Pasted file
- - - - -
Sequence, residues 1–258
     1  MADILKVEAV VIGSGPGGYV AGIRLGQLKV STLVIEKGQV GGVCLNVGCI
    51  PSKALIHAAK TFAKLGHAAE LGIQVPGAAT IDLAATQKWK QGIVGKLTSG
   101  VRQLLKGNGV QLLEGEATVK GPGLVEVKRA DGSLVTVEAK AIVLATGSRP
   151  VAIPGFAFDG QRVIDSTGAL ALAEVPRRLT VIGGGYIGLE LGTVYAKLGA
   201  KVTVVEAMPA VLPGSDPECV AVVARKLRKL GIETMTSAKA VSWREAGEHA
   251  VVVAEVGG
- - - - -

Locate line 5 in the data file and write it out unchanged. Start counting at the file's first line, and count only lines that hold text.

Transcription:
   151  VAIPGFAFDG QRVIDSTGAL ALAEVPRRLT VIGGGYIGLE LGTVYAKLGA